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Personal Experience of the Signs and Symptoms of Autism in a Child?

Updated on January 30, 2011

Personal Experiences with a Special Autistic Child

This is the personal experience of my friend's experience with his autistic child. We hope this will be of value to share with you all, for a better understanding of the signs and behavior of a child with autism.  

Lack of Body Awareness

By pressing the toy too hard towards his eyes, Keet was unable to understand or feel the pain receiving by his sensory relay hence coordinating his muscles and joints towards refining fine motor’s control.

This action clearly displays poor body awareness or what is known scientifically as the sense of Proprioception. It really breaks the parent’s heart in seeing such action. How can a child abuse himself?? A way to stimuli the brain???

Eye Contact

As a Toddler, Kai Keet always lack of eyes contact. He was not responding to people around him neither interested in making friends. Often seen more interested in objects than in people. He would often lie down on the floor, frequently glances sideways to look at things. He enjoyed staring at cars, raising them up and down, spinning the wheels of all toy vehicles, in fact more of round objects. Sometimes, he laughed or giggled inappropriately.


Keet’s grasp of vocabulary words was limited. He pointed at objects which he wanted to play instead of saying it. His receptive understanding was poor and was uninterested to the tasks given by his mother. Example, when his mother asked him to identify an object, he would just name some familiar words like car, ball etc.

Most of the time, he jabbered to himself and mixed single words when he played. He did not respond readily when parents speak or play with him. He used to point at the object when he wanted to retrieve a toy for himself. He echoed and always repeating words after his parents.


Unlike most of the toddlers of his age who usually like to mess around and throw the toys all over the house or playing with peers in group. Keet doesn’t seem to know how to play with toys or with his peers, his play was often repetitive and imitate.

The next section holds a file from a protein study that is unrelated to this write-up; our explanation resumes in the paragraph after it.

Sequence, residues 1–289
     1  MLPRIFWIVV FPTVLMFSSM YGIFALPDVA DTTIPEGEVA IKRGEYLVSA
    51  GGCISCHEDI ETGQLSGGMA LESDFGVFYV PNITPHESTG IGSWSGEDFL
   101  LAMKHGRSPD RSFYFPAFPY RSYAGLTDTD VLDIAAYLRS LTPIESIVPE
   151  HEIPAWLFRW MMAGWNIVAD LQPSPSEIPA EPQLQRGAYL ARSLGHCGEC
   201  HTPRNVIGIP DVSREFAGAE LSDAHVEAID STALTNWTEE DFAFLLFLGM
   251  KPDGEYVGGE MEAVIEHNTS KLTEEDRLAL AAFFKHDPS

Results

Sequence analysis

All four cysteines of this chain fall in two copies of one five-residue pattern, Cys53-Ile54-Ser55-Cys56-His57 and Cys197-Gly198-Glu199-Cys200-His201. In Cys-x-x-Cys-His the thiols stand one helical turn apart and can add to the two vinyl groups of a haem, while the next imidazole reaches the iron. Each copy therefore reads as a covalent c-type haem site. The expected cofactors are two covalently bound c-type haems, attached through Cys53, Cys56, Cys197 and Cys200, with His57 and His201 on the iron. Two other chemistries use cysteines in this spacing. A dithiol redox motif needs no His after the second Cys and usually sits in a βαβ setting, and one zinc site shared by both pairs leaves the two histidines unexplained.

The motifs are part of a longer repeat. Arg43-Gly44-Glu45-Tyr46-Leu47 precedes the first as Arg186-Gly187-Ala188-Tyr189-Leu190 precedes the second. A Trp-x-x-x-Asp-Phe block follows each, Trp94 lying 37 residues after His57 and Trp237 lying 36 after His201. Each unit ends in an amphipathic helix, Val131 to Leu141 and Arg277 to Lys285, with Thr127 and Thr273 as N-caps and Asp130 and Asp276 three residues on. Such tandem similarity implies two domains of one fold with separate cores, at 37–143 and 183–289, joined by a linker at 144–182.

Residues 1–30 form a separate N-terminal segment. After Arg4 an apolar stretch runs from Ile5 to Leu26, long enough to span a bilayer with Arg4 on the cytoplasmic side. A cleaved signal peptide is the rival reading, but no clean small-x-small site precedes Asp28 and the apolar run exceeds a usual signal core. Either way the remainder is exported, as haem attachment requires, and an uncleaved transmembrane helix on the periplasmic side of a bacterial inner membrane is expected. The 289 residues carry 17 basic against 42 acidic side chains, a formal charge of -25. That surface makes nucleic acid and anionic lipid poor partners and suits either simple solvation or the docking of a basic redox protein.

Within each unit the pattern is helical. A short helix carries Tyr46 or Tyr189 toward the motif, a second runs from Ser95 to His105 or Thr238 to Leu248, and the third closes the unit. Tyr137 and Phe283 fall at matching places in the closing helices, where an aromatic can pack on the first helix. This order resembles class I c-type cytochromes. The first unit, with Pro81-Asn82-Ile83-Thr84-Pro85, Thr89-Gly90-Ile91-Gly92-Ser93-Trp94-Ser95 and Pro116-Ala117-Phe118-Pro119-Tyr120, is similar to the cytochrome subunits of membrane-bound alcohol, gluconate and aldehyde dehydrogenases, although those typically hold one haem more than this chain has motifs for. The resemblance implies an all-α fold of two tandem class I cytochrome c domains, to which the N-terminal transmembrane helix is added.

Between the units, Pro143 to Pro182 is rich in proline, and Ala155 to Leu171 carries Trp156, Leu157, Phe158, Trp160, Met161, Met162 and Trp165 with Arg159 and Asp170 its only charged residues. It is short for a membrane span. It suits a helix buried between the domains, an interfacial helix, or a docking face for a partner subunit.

He pushed the cars to and fro and used to line them up neatly in a straight row. He got upset when his arrangement was disturbed. He also flipped all his toys cars over before he slept, probably to indicate that they are sleeping too.

When he was invited to his cousin birthday’s party, he needed prompt to sing a birthday song. Most of the times, he was more interested in carrying his own play actions rather then playing with his cousins. As usually, he will just leave the group taking his favorite car and just sit down at a corner jabbering to himself in a world of his own making.

Share Your Experiences

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    • stevenho128 profile image

      stevenho128 6 years ago

      Thank you all for sharing.

      It's ironic that most societies wants us to conform to a perceived norm, but the fact is that our strength lies in embracing our diversity of thoughts and actions.

    • Pamela N Red profile image

      Pamela N Red 6 years ago from Oklahoma

      I adopted a daughter who has Asperger's, a form of autism, she has been a challenge but interesting child. She is 16 now and still has trouble interacting socially with her peers.

      When she was a baby she would bang her head on wooden furniture and carried bruises on her forehead. We almost got her a helmet to wear but she finally moved on to other odd behavior.

    • PaperNotes profile image

      PaperNotes 6 years ago

      Thank you for this hub. I wonder how I would feel if I know that my child is autistic. It must have been hard for your friend.